But what do we mean by grammar? We used to see Grammar and Vocabulary as fairly separate entities. But insights gained from Corpus Linguistics reveal that the relationship is more of a cline, from word to phrase (fixed and partially fixed), collocation, pattern, class and structure. Communication is largely lexically-driven; after all, it is words and phrases that carry the meanings that learners will need to understand and express in order to become confident speakers. Knowledge of grammar can help them fine-tune if there is time and a need to do so. How to incorporate these insights into task-based teaching? I will show how the meaning-focussed text-based task cycle we began earlier can be followed by a range of different form-focussed activities that highlight and explore multiple aspects of grammar occurring in the texts and the task recordings that form the learner’s ‘pedagogic corpus’. Activities involve consciousness-raising, recall, extension, correction and consolidation. I will demonstrate various starting points: a single word or phrase, or a semantic field (e.g. topic-related phrases) that can help learners identify useful forms, build on them and extend their use into their personal repertoire of language appropriate for global communication.
Bio: Writer of several prize-winning books, Jane Willis worked extensively overseas as an English teacher and trainer before moving to Aston University’s Masters in TESOL programs. Now retired, she lives in the English Lake District and enjoys fell walking. She also teaches tai chi and is still quite active on the TBLT scene. See www.willis-elt.co.uk
This plenary is sponsored by JALT Task-Based Learning SIG.
TBL SIG Forum #1610
The TBL SIG forum follows directly after the TBL SIG Sponsored Plenary Talk ‘TBLT: but what about the grammar?’ by Jane Willis. The plan for this forum is to continue the discussion of issues raised in Jane’s talk, and to expand on some of the activities that Jane introduces. Participants will have the opportunity not only to ask any questions they might have, but to share examples from their own teaching contexts regarding the place of grammar in the TBLT classroom.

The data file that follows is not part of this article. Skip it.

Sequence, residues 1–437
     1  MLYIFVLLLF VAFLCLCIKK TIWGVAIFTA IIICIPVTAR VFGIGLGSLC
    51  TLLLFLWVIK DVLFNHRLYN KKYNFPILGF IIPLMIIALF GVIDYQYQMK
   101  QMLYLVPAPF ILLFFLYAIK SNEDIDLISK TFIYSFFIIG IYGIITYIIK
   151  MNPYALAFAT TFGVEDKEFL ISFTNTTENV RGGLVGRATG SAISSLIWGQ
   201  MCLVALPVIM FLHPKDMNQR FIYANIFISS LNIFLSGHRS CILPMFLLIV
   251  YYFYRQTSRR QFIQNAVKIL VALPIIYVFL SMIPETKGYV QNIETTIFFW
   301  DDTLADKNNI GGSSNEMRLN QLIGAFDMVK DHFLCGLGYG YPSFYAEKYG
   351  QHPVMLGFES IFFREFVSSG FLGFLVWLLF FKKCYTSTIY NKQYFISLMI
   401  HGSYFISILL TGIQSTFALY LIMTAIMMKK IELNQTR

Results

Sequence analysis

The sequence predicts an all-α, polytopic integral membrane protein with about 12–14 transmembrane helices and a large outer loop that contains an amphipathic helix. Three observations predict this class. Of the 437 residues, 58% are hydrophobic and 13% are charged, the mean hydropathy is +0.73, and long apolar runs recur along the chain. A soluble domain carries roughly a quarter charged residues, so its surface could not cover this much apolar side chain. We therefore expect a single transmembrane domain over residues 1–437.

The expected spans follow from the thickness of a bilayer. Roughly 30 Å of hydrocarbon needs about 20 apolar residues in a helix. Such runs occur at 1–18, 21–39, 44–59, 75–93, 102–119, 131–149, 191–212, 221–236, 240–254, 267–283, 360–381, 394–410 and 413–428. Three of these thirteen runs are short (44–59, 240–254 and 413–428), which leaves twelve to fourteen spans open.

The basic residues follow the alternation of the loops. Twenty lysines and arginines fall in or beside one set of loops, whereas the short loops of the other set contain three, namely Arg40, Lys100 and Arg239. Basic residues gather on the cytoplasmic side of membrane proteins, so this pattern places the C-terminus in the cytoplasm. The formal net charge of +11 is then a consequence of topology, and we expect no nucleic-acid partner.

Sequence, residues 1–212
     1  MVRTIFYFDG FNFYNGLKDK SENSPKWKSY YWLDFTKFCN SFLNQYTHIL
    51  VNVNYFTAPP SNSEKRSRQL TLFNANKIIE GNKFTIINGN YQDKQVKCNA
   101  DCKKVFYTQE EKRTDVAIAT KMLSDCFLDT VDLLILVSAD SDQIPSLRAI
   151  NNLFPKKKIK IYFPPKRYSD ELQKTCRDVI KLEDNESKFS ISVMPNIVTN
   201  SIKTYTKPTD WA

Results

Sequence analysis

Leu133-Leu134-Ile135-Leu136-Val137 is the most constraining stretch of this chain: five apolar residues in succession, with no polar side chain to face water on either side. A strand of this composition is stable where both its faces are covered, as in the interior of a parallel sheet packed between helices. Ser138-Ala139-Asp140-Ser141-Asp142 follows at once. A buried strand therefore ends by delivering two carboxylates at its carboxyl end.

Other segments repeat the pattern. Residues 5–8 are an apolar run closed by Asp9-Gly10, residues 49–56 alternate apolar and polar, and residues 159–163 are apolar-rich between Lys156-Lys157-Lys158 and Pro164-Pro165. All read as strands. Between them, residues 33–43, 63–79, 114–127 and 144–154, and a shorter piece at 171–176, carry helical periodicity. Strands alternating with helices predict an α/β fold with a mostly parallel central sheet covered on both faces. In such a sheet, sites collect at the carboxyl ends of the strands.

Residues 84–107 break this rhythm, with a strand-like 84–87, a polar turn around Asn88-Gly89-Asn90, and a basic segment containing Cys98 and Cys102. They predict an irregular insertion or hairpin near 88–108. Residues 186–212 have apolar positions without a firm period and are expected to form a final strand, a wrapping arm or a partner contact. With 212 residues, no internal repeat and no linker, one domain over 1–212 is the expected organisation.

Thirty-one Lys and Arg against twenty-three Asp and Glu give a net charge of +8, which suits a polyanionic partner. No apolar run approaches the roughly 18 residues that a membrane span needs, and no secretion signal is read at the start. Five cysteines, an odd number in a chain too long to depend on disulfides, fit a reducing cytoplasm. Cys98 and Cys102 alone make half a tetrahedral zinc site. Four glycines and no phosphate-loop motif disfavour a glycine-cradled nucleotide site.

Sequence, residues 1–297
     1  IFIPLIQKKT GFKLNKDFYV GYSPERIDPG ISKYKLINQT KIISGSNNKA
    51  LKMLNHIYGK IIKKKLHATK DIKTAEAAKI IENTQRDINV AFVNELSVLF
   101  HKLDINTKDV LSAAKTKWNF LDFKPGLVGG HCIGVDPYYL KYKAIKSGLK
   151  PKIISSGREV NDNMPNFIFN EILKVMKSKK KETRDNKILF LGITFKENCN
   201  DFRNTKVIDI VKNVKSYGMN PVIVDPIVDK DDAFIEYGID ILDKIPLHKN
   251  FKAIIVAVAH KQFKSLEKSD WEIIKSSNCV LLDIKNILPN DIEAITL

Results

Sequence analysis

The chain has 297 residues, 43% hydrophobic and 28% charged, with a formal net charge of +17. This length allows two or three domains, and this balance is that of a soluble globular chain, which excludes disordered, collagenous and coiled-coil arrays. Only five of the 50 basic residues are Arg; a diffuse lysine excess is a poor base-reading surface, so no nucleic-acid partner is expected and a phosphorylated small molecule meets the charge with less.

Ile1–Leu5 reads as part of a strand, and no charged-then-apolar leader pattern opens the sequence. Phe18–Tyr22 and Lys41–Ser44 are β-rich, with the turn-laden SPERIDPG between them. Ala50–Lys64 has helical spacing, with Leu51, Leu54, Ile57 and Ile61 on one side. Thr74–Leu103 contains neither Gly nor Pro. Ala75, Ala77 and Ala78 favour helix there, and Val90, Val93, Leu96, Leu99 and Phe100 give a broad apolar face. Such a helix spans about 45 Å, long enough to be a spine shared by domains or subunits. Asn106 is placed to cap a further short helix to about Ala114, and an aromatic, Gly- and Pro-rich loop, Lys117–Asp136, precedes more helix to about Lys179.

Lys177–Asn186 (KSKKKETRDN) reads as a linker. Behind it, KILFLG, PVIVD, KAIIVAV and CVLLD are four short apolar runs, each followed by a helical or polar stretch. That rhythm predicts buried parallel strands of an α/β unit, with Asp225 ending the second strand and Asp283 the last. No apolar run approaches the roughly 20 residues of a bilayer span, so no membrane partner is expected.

Traditionally, comments from both peer reviews and teacher feedback significantly help students improve their L2 writing. Additionally, students could also improve by using appropriate self-assessments. Self-assessments provide opportunity for metacognition, or thinking about thinking, (Flavell, 1979) as they make deeper scrutiny of their thoughts in their own writing. However, during the coronavirus pandemic, it is challenging to administer self-assessments via remote learning as students' own evaluation of their writing may lack depth. A scaffolding technique that cultivates deeper learning is using video-recorded spoken assessments. Through video assessments, students can show their thinking, identify their own errors, and provide corrections. Teachers can use that evidence of learning to provide more practical feedback.
This presentation offers successful, classroom-tested ways to use asynchronous self-assessment through Seesaw, a free app where students can share their speaking tasks by using videos, photos, files and links. Practical classroom strategies materials, and student projects that demonstrate metacognitive awareness will be showcased.